--Sun Tzu
--Sun Tzu
--Sun Tzu
--Sun Tzu
--Sun Tzu
--Sun Tzu
--Sun Tzu

--Sun Tzu

--Sun Tzu

--Sun Tzu


--Sun Tzu
--Sun Tzu
--Sun Tzu
--Sun Tzu
--Sun Tzu
--Sun Tzu
--Sun Tzu
--Sun Tzu
--Sun Tzu

--Sun Tzu
--Sun Tzu
--Sun Tzu
--Sun Tzu
--Sun Tzu
--Sun Tzu
--Sun Tzu
--Sun Tzu

--Sun Tzu

--Sun Tzu
--Sun Tzu

Longer Version:

Know the enemy, know yourself and victory is never in doubt, not in a hundred battles.


--Sun Tzu


--Sun Tzu

--Sun Tzu

--Sun Tzu

--Sun Tzu
--Sun Tzu

Longer Version:

Secret operations are essential in war; upon them the army relies to make its every move. An army without secret agents is exactly like a man without eyes or ears.


--Sun Tzu

--Sun Tzu
--Sun Tzu
--Sun Tzu
--Sun Tzu

--Sun Tzu
--Sun Tzu

Longer Version:

He who wishes to fight must first count the cost. When you engage in actual fighting, if victory is long in coming, then men's weapons will grow dull and their ardor will be dampened. If you lay siege to a town, you will exhaust your strength.


--Sun Tzu
--Sun Tzu
--Sun Tzu
--Sun Tzu
--Sun Tzu
--Sun Tzu

--Sun Tzu
--Sun Tzu

--Sun Tzu
--Sun Tzu
--Sun Tzu

--Sun Tzu
--Sun Tzu
--Sun Tzu

--Sun Tzu
--Sun Tzu
--Sun Tzu
--Sun Tzu

--Sun Tzu
--Sun Tzu
--Sun Tzu
--Sun Tzu

--Sun Tzu
--Sun Tzu
--Sun Tzu

Longer Version:

So in war, the way is to avoid what is strong and to strike at what is weak. Water shapes its course according to the nature of the ground over which it flows; the soldier works out his victory in relation to the foe whom he is facing.


--Sun Tzu

--Sun Tzu

Longer Version:

O divine art of subtlety and secrecy! Through you we learn to be invisible, through you inaudible and hence we can hold the enemy's fate in our hands.


--Sun Tzu

Longer Version:

There are not more than five musical notes, yet the combinations of these five give rise to more melodies than can ever be heard.There are not more than five primary colors, yet in combination they produce more hues than can ever been seen.There are not more than five cardinal tastes, yet combinations of them yield more flavors than can ever be tasted.


--Sun Tzu
--Sun Tzu
--Sun Tzu
--Sun Tzu
--Sun Tzu
--Sun Tzu
--Sun Tzu
--Sun Tzu
--Sun Tzu
--Sun Tzu
--Sun Tzu
--Sun Tzu

Longer Version:

The skillful leader subdues the enemy's troops without any fighting; he captures their cities without laying siege to them; he overthrows their kingdom without lengthy operations in the field.


--Sun Tzu
--Sun Tzu

--Sun Tzu
--Sun Tzu
--Sun Tzu

--Sun Tzu
--Sun Tzu
--Sun Tzu
--Sun Tzu
--Sun Tzu
--Sun Tzu

--Sun Tzu
--Sun Tzu

--Sun Tzu
--Sun Tzu

--Sun Tzu
--Sun Tzu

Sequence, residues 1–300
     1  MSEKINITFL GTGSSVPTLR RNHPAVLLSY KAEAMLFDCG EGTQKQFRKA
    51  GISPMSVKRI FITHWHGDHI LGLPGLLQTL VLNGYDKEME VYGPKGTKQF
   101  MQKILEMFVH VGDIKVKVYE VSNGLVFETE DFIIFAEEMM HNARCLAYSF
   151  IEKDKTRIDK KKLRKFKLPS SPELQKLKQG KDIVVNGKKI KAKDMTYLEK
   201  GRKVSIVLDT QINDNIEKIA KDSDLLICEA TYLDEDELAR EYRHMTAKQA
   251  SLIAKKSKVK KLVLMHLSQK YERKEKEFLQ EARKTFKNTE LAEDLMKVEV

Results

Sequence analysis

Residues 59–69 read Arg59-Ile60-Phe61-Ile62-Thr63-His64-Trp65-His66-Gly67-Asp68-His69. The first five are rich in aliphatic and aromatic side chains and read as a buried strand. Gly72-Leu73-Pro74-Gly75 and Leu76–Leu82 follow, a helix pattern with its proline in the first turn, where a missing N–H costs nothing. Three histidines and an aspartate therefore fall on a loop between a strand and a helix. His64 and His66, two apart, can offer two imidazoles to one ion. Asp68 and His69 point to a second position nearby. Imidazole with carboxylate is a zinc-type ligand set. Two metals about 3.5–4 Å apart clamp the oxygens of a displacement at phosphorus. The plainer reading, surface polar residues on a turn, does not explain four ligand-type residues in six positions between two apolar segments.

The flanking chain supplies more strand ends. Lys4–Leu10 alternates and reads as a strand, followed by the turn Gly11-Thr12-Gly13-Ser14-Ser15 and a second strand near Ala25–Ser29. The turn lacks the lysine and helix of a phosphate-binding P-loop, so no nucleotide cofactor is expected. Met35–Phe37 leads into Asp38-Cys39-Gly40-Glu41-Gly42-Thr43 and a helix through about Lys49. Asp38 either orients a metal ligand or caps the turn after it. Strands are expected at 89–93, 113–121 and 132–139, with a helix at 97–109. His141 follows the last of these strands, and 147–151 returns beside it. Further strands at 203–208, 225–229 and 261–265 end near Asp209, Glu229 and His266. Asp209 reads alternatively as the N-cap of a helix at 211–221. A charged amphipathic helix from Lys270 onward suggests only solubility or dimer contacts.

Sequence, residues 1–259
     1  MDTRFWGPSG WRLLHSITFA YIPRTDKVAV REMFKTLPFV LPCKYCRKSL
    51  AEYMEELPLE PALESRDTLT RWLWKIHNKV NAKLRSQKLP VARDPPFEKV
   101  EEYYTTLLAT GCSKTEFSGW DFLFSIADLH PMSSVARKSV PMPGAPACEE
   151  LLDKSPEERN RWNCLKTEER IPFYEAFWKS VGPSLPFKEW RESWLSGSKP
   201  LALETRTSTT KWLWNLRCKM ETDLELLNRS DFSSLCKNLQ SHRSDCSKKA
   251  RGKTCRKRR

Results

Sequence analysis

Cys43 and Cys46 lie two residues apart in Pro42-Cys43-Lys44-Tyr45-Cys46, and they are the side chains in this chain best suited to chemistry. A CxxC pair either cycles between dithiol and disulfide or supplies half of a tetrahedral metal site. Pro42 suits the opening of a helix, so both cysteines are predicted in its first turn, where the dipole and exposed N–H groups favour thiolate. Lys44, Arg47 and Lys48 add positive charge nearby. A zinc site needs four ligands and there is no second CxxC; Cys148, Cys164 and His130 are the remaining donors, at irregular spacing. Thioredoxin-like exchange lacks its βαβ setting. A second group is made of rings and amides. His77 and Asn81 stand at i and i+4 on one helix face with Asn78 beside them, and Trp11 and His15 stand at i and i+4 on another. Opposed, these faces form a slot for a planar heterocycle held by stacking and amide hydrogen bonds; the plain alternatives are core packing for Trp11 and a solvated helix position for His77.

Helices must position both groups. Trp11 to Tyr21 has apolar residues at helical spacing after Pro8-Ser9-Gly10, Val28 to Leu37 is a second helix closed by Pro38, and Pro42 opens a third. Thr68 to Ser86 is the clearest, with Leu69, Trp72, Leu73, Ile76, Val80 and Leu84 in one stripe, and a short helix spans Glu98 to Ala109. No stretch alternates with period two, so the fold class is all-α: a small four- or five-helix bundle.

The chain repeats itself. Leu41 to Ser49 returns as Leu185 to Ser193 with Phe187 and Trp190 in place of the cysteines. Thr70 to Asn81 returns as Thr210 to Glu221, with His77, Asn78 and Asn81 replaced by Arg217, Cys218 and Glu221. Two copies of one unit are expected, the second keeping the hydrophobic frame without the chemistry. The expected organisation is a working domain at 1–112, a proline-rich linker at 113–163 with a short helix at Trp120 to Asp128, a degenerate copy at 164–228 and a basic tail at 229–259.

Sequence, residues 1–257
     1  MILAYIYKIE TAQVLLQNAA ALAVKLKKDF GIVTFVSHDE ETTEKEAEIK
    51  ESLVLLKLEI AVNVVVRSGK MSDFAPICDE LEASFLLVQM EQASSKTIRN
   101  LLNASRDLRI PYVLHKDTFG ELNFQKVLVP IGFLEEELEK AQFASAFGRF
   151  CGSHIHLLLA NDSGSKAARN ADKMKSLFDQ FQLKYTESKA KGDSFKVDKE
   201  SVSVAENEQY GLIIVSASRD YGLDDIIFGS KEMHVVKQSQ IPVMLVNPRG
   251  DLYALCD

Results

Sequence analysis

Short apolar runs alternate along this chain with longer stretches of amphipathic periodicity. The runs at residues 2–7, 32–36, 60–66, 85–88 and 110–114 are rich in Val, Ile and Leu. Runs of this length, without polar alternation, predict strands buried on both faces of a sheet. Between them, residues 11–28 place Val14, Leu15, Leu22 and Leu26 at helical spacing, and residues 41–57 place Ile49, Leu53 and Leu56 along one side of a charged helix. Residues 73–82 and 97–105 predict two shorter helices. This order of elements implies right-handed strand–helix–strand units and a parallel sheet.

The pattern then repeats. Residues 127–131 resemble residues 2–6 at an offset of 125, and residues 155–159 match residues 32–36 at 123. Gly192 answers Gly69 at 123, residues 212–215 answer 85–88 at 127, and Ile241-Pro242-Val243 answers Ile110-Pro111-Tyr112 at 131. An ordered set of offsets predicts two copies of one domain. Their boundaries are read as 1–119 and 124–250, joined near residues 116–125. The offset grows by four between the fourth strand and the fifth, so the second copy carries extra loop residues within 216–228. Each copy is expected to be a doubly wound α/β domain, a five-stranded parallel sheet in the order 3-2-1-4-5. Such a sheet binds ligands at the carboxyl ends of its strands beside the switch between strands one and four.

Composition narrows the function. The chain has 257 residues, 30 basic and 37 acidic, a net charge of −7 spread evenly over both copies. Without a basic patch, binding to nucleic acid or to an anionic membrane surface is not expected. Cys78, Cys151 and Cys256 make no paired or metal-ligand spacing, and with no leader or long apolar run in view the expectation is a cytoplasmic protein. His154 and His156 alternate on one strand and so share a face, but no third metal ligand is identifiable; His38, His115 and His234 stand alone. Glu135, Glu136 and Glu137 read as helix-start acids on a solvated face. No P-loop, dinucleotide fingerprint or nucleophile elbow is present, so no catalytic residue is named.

--Sun Tzu
--Sun Tzu
--Sun Tzu
--Sun Tzu
--Sun Tzu

--Sun Tzu
--Sun Tzu
--Sun Tzu
--Sun Tzu
--Sun Tzu
--Sun Tzu
--Sun Tzu


--Sun Tzu

Longer Version:

The opportunity to secure ourselves against defeat lies in our own hands, but the opportunity of defeating the enemy is provided by the enemy himself.


--Sun Tzu
--Sun Tzu

--Sun Tzu
--Sun Tzu

--Sun Tzu
--Sun Tzu
--Sun Tzu

Longer Version:

In war, numbers alone confer no advantage. Do not advance relying on sheer military power. It is sufficient to estimate the enemy situation correctly and to concentrate your strength to capture him. There is no more to it than this. He who lacks foresight and underestimates his enemy will surely be captured by him.


--Sun Tzu


--Sun Tzu

Longer Version:

All warfare is based on deception. Therefore, when capable, feign incapacity; when active, inactivity. When near, make it appear that you are far away; when far away, that you are to lure him; feign disorder and strike him. When he concentrates, prepare against him; where he is strong, avoid him. Anger his general and confuse him. Pretend inferiority and encourage his arrogance.



--Sun Tzu
--Sun Tzu
--Sun Tzu
--Sun Tzu
--Sun Tzu


--Sun Tzu
--Sun Tzu
--Sun Tzu

--Sun Tzu
--Sun Tzu
--Sun Tzu
--Sun Tzu
--Sun Tzu

--Sun Tzu
--Sun Tzu



--Sun Tzu

--Sun Tzu
--Sun Tzu
--Sun Tzu
--Sun Tzu
--Sun Tzu
--Sun Tzu
--Sun Tzu
--Sun Tzu
--Sun Tzu
--Sun Tzu


--Sun Tzu
--Sun Tzu

--Sun Tzu

Longer Version:

Let your plans be dark and impenetrable as night, and when you move, fall like a thunderbolt.


--Sun Tzu

--Sun Tzu
--Sun Tzu

--Sun Tzu
--Sun Tzu
--Sun Tzu
--Sun Tzu
--Sun Tzu
--Sun Tzu
--Sun Tzu
--Sun Tzu
--Sun Tzu
--Sun Tzu
--Sun Tzu
--Sun Tzu
--Sun Tzu
--Sun Tzu
--Sun Tzu
--Sun Tzu


--Sun Tzu

--Sun Tzu
--Sun Tzu

Longer Version:

When the enemy is at ease, be able to weary him; when well fed, to starve him; when at rest, to make him move. Appear at places to which he must hasten; move swiftly where he does not expect you.


We wish you a perfect day!